4. Meet With The Factory
Give your local factory representative a call and ask for the dog-and-pony show. In today’s economy, factory representatives will fall over themselves for the opportunity to pitch you on their products. Even if you’re thinking it’s unlikely to buy brand-new, factory representatives will jump at the opportunity to present you with some options. Be open and upfront about your capabilities and range of options.
|Robert Luketic (below right) flies an Embraer Phenom 100 (above). The Hollywood film director and avid pilot stepped up to the light jet from a Cirrus SR22.|
5. Be Thoughtful About How You Might Use The Plane
Think long and hard about how you plan to use your first turbine. Will you be flying over mountains or water at night in weather on a regular basis to meet with clients? Will you need all-weather capability? Will you be flying out of hot and high conditions? One of the best tools for understanding how your candidate airplanes stack up against one another is through the use of accurate performance models for most turbine aircraft on www.fltplan.com. You can create a profile for free, and run flight plans to compare and contrast various aircraft with respect to speed, fuel consumption and range performance.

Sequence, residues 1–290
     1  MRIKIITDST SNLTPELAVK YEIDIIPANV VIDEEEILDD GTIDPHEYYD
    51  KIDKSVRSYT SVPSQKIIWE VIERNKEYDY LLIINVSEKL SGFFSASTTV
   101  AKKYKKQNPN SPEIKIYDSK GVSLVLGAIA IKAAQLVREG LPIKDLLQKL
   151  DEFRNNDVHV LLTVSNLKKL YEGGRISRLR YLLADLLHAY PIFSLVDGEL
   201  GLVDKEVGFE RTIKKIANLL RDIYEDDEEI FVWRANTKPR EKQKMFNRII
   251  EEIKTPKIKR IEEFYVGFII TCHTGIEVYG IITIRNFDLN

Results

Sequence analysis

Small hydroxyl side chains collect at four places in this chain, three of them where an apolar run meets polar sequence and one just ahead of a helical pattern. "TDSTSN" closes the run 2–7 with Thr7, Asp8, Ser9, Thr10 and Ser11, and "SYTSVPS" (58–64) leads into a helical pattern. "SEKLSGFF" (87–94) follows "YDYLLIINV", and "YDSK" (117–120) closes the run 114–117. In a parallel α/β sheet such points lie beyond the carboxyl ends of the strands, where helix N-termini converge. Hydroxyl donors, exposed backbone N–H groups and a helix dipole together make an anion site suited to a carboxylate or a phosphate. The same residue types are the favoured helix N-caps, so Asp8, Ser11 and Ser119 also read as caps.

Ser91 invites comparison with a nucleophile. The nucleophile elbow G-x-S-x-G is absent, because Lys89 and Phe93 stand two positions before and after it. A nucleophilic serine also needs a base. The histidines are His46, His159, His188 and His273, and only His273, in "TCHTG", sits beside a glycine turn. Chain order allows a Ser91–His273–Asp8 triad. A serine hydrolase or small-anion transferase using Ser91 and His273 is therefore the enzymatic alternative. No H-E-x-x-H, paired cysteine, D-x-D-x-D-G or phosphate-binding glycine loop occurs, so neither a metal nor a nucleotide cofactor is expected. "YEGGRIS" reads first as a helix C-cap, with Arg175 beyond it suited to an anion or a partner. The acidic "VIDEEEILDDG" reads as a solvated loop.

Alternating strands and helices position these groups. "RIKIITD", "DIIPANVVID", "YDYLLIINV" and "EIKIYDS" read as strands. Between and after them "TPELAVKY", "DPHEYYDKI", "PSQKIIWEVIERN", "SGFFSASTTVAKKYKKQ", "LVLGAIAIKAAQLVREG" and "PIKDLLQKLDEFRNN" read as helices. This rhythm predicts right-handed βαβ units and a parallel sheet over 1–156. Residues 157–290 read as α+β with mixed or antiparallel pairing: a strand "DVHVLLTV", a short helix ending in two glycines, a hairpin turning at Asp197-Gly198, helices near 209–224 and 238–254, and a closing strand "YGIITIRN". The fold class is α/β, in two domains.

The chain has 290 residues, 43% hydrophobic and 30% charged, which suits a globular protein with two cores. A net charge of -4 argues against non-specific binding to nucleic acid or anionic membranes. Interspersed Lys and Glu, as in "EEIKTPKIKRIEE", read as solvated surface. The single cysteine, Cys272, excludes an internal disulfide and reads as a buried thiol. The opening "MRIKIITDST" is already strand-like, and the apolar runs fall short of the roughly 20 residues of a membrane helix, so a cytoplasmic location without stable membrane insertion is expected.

6. Insurance—It’s Not That Bad
There’s a common belief that buying insurance for single-pilot-flown turbine-powered aircraft by owner-pilots is cost prohibitive. That’s just not true. The current landscape of the insurance market for such activities is quite competitive, with approximately 10 underwriters writing policies for owner-pilots of turbine-flown aircraft. Chappell, Smith & Associates (www.aviationinsurance.com) is one firm that has had a lot of success in placing owners of turbine-flown aircraft with acceptable insurance. Another experienced broker is Willis (www.willis.com).